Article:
But not all countries have a free trade agreement with the United States, including, very importantly, countries like China and India. So, if a contractor offers a property in the United States. Government that was made in India, for example that this property would not comply with the TAA and the supplier could not provide this good for a state purchase. The Court also found that the FAR did not lock up Acretis` entecavir tablets. Under far`s TAA clause, FAR 52.225-5, a contractor may only supply “final products manufactured or designated in the United States.” And “finished product made in the United States” is defined as “an item that is extracted, produced or manufactured in the United States or that is extensively processed in the United States.” The Court found that the origin of the components was not relevant to the intended manufacture of a product. As Acretis manufactured the tablets in New Jersey, the product was a “finished product made in the United States” in compliance with the TAA. According to the court, “[a] product does not need to be entirely manufactured in the United States or substantially converted to be a finished product made in the United States.” Instead, “such products can be… “products” in the United States from components manufactured abroad. (b) supply of finished products. The Treaty Representative noted that the WTO GPA and free trade agreements apply to this acquisition. Unless otherwise specified, these trade agreements apply to all elements of the Annex. Under this Contract, Contractor shall only supply finished products manufactured or designated in the United States, unless the Contractor has indicated in its offer the supply of other finished products in the Trade Agreements Certificate provision.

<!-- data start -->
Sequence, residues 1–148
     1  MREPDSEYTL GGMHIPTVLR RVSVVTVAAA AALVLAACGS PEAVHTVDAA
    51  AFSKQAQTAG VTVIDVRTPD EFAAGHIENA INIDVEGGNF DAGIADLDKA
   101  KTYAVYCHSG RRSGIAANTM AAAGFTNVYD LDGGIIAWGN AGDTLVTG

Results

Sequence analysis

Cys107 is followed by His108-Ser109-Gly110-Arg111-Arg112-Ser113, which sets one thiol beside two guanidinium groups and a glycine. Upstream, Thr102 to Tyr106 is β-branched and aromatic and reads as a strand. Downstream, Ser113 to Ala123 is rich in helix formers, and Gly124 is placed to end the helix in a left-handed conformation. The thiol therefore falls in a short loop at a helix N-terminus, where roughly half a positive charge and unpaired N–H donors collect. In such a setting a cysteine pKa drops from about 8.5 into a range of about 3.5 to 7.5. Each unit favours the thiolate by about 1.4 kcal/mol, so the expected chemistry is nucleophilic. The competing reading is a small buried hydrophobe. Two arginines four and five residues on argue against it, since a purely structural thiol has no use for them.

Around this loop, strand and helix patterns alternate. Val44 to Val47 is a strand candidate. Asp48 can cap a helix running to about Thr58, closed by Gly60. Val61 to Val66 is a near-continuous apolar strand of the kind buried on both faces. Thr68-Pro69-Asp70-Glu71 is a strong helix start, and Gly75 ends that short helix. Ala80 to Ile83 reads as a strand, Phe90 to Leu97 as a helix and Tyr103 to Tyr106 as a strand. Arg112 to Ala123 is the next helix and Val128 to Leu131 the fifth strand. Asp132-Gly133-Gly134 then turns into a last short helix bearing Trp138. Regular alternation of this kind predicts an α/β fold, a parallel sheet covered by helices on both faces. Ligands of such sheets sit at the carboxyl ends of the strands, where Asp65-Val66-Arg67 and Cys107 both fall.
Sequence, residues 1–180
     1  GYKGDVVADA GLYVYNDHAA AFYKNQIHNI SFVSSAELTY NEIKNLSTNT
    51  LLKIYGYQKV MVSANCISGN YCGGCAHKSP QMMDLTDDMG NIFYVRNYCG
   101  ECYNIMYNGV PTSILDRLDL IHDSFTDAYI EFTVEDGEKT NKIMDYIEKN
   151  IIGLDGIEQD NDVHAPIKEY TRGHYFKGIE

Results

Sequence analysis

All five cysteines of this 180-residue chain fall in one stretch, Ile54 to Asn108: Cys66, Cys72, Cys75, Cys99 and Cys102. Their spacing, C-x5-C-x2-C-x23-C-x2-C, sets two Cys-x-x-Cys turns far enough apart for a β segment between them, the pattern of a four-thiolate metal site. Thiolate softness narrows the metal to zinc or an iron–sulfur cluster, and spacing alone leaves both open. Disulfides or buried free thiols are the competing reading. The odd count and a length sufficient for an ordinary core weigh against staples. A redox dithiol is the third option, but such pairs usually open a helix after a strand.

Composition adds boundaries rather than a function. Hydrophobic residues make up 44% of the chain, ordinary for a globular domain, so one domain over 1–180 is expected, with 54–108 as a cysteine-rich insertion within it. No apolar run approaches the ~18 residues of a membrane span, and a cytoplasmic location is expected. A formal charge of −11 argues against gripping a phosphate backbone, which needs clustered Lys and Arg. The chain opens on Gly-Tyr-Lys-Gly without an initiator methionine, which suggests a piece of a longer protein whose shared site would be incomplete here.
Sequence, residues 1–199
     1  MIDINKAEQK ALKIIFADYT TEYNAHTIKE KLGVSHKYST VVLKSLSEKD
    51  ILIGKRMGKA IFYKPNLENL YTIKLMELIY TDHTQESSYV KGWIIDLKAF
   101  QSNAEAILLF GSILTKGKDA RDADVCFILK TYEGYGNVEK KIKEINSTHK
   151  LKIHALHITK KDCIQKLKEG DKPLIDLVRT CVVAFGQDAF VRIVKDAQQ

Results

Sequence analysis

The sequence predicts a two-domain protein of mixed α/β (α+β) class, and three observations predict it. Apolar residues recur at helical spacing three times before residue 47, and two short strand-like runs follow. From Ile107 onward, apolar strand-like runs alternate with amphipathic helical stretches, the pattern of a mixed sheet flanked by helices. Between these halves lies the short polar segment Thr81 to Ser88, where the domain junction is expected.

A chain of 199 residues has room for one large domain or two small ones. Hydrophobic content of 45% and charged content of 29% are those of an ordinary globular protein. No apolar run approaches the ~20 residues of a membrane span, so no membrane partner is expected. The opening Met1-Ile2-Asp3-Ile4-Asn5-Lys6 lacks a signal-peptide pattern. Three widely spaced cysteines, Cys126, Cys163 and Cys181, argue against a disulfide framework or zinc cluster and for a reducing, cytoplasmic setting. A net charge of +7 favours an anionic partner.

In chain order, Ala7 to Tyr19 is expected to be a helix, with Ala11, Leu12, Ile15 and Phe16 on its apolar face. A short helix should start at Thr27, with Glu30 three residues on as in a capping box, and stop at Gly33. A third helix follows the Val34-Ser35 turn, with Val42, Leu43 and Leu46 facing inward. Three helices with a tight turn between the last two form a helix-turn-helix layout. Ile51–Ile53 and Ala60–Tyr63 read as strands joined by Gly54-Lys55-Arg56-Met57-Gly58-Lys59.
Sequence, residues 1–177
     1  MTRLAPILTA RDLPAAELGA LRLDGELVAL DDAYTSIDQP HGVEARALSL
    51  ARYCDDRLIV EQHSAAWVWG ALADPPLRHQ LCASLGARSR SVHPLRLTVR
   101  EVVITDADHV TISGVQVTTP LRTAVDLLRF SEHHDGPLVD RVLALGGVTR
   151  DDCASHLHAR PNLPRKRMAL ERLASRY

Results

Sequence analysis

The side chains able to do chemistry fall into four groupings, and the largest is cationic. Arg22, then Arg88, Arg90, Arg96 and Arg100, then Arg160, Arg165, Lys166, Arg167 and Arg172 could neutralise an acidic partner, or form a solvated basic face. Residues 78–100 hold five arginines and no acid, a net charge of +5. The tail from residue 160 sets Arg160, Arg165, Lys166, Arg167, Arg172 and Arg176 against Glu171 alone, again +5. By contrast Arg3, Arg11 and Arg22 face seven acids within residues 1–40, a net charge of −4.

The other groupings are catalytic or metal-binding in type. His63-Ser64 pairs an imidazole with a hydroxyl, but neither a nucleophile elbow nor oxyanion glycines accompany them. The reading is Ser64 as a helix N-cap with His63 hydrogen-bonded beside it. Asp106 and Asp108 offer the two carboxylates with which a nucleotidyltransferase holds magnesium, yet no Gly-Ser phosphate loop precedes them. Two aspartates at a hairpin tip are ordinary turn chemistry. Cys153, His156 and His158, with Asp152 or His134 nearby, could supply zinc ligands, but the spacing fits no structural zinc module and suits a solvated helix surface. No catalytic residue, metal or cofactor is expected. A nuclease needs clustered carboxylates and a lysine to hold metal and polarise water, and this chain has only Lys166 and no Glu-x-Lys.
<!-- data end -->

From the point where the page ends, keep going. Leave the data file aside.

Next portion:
(3) a least developed country (Afghanistan, Angola, Bangladesh, Benin, Bhutan, Burkina Faso, Burundi, Cambodia, Central African Republic, Chad, Comoros, Democratic Republic of the Congo, Djibouti, Equatorial Guinea, Eritrea, Ethiopia, Gambia, Guinea-Bissau, Haiti, Kiribati, Laos, Lesotho, Liberia, Madagascar, Malawi, Mali, Mauritania, Mozambique, Nepal, Niger, Rwanda, Samoa, São Tomen and Príncipe, Senegal, Sierra Leone, Solomon Islands, Somalia, South Sudan, Tanzania, Togo, Tuvalu, Uganda, Vanuatu, Yemen or Zambia; either, to determine whether a product originates from a TAA-eligible country, the product must be “wholly the growth, product or manufacture” of a country capable of an AAT, or it must be “substantially processed into a new and other commercial product with a name, character or use” in a TAA-compliant country. . . .